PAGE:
by Anne Weiher
I must admit that I approached the recent conference on Mental Health and the Church with a bit of trepidation, for I grew up in a very conservative and fundamentalist church. I was pleasantly surprised by the opening words of Rick Warren of the Saddleback Church and Bishop Kevin Vann of the Roman Catholic Diocese of Orange. There was a clear and consistent call throughout the day that the time is right for the church to take the lead in providing good, educated support to those who struggle with mental health problems. This was clearly to be a day of hope. The message to churches everywhere was that Jesus had a ministry of healing. A third of his ministry centered around healing. Much research has shown that the first person one seeks out when they are in a mental crisis is the clergy and most of them are ill-equipped to handle such a situation, hence the need for education of the church staff and lay leaders is essential. The churches need to publically stand with those with mental illness. It was a powerful beginning.
Almost every speaker spoke to the need for a four-pronged approach to mental health: spiritual, medical, psychological, and relational. The emphasis was that we are all broken in the sight of God, but that our chemistry does not equal our character; illness is not our identity; and our struggles do not define you. I may have struggled over some of the words used, but the concepts could be translated into words I understand. Those of us who live with mental illness are not our illness. We are indeed persons first.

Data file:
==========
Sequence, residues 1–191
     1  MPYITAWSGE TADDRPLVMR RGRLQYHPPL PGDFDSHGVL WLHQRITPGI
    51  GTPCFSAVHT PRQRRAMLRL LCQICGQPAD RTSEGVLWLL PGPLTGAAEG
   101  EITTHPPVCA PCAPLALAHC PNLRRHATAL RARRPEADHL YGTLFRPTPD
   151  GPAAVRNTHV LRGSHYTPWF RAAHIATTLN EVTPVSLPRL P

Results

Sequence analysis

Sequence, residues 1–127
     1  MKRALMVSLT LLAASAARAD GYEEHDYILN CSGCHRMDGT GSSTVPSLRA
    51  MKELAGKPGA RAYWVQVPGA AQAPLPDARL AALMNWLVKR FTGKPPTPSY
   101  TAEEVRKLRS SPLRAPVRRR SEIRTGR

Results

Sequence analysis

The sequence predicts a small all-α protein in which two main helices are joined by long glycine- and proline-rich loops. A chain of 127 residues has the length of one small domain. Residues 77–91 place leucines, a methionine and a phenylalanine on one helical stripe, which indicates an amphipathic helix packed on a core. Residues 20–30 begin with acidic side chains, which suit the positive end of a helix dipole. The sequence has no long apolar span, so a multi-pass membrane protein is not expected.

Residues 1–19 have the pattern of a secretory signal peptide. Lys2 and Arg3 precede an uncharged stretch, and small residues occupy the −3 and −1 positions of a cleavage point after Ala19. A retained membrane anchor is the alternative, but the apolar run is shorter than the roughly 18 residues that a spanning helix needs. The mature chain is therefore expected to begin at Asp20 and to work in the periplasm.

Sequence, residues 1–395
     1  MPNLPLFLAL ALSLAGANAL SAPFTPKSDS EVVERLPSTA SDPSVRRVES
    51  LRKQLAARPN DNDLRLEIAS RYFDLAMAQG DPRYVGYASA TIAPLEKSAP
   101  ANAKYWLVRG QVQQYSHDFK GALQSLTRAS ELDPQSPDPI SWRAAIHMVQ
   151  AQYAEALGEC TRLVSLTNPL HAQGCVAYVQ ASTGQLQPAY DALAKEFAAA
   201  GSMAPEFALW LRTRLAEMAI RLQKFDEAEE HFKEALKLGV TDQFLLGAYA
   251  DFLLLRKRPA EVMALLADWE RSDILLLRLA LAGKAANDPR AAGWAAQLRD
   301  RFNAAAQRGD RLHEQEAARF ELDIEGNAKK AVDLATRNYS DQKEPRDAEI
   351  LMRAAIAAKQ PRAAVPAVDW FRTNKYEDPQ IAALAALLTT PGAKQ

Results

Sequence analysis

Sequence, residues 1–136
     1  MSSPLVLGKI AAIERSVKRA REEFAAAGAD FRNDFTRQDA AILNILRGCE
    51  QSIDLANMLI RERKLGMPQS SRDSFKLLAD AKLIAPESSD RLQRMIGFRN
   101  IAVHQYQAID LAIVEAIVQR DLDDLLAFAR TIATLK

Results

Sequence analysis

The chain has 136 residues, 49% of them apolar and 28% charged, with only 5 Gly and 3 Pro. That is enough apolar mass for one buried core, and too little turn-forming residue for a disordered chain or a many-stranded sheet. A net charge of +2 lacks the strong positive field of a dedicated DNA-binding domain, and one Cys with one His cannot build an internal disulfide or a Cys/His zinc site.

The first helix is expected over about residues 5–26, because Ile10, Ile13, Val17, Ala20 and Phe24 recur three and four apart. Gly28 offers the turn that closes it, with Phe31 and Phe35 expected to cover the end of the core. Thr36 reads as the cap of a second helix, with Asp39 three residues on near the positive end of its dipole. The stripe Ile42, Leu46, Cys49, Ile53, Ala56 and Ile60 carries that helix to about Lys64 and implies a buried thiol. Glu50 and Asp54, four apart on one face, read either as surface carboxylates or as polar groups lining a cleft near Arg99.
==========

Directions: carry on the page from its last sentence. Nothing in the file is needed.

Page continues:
The conference was sold out. Three thousand-two hundred people filled the main worship center and there was an overflow crowd. The webcast was expected to reach another 30,000 people around the world. We have put into practice many of the ideas presented in the conference at the church I attend, First Congregational Church in Boulder, Colo., but I was blown away by the magnitude of this outreach. If people in faith communities take even a small nugget or a seed gets planted in their faith community about the need for the church to embrace those with mental health challenges and their families, it can truly change the world.
INMI board member
The opinions expressed in this blog are those of the submitter. They do not necessarily reflect the opinions of the board of directors or members of the Interfaith Network on Mental Illness.